We really need to give a lot of credit to Toby & Robin Fox for their love and care during the eight weeks they had him. They are truly amazing.

We can’t thank Rescue A Golden of Arizona enough. We’ve gotten Cooper and Fenway from them and we can hardly express our gratitude in words.

October: Meet Buoy

10 October Buoy

Buoy is one of the fifteen 2023 golden retrievers lovingly rescued from China. After much anticipation and international customs complications, he arrived at Phoenix Sky Harbor on February 14th, Valentine’s Day … how appropriate! Friends come in many shapes and sizes.

When we opened the door to the XL crate, we were in total awe as an even larger XXL “friend” popped out and smothered us in kisses. Buoy loves life! And there is nothing he wants to do more than go for car rides. He is our observer and soaks everything in.

It has been a joy to watch him slowly relax and realize that he is home. Buoy loves to explore outside, preferably while holding a pinecone. His “zoomies” are a daily tradition as he runs and runs around the yard barking with glee. In true form, he also enjoys quietly sitting on the top step of the swimming pool while taking everything in. And then it’s back to playtime with his favorite toys! On February 14th, Buoy’s huge paws walked right into our hearts, and it is true love for us all.

September: Meet Spicy

09 September Spicy

Hi! I’m Spicy! I’m one of the long-awaited Chinese Goldens. It took me a really long time to get here but I’m so glad I finally made it. I think my parents and brother are pretty happy I made it too. I arrived on Valentine’s Day and my momma said I stole their hearts, so I guess that’s a good thing! My parents had another dog before me that was sick for a while so when I got here it really changed their lives! Now we can go for really long walks, play in the yard and my parents tell me that this summer I’m going to the beach! I went once already and I loved the sand and the surf so a whole summer there is going to be Amazeballs!! BTW … did I tell you I love to play ball?!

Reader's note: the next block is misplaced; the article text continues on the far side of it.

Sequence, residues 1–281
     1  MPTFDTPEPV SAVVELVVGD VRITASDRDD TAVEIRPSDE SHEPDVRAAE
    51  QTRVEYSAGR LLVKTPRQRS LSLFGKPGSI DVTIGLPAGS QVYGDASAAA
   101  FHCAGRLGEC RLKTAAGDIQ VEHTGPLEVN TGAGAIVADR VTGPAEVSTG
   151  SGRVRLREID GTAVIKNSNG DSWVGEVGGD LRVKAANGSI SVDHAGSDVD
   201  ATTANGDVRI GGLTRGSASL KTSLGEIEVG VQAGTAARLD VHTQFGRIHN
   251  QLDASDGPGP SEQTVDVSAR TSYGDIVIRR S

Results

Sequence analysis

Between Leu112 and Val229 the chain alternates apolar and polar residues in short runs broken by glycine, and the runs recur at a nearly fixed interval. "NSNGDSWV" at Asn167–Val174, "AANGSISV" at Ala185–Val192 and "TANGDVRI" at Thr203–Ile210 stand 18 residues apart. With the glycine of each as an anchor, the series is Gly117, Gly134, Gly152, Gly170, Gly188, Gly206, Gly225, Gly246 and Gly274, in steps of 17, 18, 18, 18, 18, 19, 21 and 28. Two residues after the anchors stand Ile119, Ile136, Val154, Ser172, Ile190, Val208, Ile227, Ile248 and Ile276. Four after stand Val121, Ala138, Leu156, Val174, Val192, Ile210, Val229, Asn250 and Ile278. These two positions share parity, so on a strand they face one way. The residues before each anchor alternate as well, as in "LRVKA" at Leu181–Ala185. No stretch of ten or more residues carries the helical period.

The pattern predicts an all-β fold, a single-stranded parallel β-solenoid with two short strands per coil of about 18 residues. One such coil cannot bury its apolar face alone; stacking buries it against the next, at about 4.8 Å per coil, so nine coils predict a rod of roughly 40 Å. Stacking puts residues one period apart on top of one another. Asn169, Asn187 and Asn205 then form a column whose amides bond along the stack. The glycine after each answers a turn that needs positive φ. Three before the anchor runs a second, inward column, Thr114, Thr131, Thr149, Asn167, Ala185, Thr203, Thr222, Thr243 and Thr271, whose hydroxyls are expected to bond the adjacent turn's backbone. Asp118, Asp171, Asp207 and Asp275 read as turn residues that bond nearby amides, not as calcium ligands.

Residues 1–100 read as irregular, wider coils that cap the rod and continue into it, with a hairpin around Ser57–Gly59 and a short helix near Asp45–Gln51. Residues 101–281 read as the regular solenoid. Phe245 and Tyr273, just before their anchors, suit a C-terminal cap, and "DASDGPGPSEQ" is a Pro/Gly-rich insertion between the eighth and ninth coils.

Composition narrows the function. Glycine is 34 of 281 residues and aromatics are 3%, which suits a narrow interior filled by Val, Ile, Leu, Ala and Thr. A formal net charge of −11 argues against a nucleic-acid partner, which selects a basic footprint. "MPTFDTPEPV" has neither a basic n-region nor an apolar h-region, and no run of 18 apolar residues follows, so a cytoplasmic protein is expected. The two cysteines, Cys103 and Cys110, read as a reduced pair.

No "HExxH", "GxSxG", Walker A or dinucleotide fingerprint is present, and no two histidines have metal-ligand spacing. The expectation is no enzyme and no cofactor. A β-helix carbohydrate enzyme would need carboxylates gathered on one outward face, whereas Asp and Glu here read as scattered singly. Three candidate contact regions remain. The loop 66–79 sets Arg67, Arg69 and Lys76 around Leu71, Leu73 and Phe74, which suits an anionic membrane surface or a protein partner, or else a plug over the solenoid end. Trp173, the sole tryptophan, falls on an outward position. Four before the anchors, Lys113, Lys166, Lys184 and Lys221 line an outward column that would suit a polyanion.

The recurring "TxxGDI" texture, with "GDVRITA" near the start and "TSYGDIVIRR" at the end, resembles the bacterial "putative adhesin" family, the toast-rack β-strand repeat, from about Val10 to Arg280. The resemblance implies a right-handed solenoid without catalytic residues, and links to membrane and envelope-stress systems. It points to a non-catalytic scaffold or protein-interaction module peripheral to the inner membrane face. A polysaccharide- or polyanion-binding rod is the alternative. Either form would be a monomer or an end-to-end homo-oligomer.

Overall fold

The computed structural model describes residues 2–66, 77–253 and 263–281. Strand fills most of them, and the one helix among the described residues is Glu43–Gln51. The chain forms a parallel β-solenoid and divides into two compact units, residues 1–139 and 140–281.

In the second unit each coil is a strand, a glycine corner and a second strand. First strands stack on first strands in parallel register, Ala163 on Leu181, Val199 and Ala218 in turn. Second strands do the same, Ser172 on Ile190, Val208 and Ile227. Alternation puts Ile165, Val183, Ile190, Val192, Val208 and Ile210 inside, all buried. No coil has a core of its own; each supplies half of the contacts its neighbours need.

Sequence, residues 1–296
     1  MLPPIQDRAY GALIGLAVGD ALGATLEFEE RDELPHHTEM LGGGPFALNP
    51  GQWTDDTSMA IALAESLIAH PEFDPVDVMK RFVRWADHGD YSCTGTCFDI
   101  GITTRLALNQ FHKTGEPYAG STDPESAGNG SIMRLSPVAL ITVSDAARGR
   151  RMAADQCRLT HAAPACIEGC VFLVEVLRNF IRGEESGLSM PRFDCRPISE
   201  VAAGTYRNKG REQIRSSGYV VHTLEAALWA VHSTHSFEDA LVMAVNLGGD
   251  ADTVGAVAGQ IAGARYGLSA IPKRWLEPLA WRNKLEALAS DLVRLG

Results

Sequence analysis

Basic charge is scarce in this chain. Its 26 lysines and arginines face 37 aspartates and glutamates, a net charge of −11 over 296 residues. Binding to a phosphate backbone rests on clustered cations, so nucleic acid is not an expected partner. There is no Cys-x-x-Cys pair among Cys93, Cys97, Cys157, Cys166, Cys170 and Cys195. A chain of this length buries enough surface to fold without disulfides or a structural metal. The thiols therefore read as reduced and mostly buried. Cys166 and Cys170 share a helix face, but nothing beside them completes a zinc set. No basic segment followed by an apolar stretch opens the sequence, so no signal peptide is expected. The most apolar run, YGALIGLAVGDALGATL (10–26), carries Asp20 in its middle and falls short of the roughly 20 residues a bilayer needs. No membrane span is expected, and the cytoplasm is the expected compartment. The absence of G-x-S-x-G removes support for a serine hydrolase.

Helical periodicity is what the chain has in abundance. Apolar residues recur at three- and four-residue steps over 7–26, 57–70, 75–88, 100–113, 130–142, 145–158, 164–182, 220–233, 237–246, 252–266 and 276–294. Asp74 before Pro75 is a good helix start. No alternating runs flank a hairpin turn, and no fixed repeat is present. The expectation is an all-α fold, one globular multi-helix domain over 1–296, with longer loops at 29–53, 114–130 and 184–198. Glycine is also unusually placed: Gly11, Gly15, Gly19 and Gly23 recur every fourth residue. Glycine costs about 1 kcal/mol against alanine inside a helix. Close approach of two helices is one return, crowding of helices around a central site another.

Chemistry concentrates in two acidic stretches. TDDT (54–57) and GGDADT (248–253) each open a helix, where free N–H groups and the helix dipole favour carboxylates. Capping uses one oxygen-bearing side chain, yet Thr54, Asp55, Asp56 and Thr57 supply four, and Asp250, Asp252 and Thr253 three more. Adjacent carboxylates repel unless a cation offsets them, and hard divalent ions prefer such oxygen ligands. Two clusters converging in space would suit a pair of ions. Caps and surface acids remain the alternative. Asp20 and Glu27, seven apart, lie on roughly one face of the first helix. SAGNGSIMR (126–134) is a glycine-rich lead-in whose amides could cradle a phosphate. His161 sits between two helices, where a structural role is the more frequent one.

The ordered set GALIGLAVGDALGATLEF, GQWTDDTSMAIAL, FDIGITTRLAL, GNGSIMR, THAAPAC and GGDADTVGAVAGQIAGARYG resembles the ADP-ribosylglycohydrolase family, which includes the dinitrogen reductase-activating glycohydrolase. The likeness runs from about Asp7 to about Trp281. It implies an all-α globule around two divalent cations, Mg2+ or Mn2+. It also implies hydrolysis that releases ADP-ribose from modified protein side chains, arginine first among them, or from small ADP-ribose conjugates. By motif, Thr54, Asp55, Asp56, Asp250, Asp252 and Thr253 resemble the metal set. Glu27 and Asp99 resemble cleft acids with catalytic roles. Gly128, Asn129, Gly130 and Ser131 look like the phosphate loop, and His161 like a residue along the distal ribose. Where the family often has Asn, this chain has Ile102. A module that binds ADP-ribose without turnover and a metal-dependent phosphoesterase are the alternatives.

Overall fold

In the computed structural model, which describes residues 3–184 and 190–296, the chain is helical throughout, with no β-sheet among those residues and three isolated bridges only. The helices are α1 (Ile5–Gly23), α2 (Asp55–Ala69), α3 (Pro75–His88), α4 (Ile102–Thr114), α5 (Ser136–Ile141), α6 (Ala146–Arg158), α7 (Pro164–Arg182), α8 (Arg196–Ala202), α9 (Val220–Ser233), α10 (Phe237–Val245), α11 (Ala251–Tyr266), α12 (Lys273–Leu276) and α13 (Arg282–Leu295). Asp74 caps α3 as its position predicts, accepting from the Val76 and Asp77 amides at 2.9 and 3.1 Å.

I also have a brother, Nixon! He showed me the ropes when I got here but I quickly learned he had a hard start to life and that he’s a pretty nervous fella. Even though he’s a big guy he’s kinda scared of things so I’ve become his protector. I’m never too far from his side because I want to make sure he’s safe and comfortable. And talk about comfortable…did I tell you how comfortable his bed is? And my parents’ bed is? I really love it here and my parents tell me how much they love me too.

Thanks RAGofAZ!

August: Meet Quincy & Harley

08 August Quincy Harley

Quincy and Harley

Quincy came into rescue in November 2017 at the age of 9. We had just lost 2 of our golden boys, Sherman and Barkley. Our remaining Golden, Reagan, was lonely and needed a new friend. Quincy was described as a playful boy, who loved people, dogs and loved swimming.

At nearly 15 years of age, he is still very excited when people come to the house. He has enjoyed the pool over the years, although now he would rather just take a nap. Quincy still loves walks and car rides, particularly if they are to DQ for a pup cup. He still loves his stuffed toys, especially his duck and his new pineapple but no longer chases after balls.

Knowing that our time with Quincy is short, we cherish each day with him. He has been a wonderful addition to our family.

Harley, who was abandoned, brought his light and love into our lives in February 2010 at just 1 ½ years old. We wondered how anyone could have left this beautiful boy who only wanted to be loved. He quickly settled into life on our ranch in Vail, AZ with his new canine sisters as well as horses, steers and abundant desert wildlife.

After my husband Dennis died several years ago, Harley, his brothers, and I moved into a house near the outskirts of town and Harley discovered he also likes sidewalks and the people walking on them! At nearly 15 years old, he walks over 2 miles 4-5 days a week and still chases his favorite toy like the pup he was when he first arrived.

Our family is so blessed to have been given the gift that is Harley. As I tell him every day, he is the “best doggie in the whole wide world.”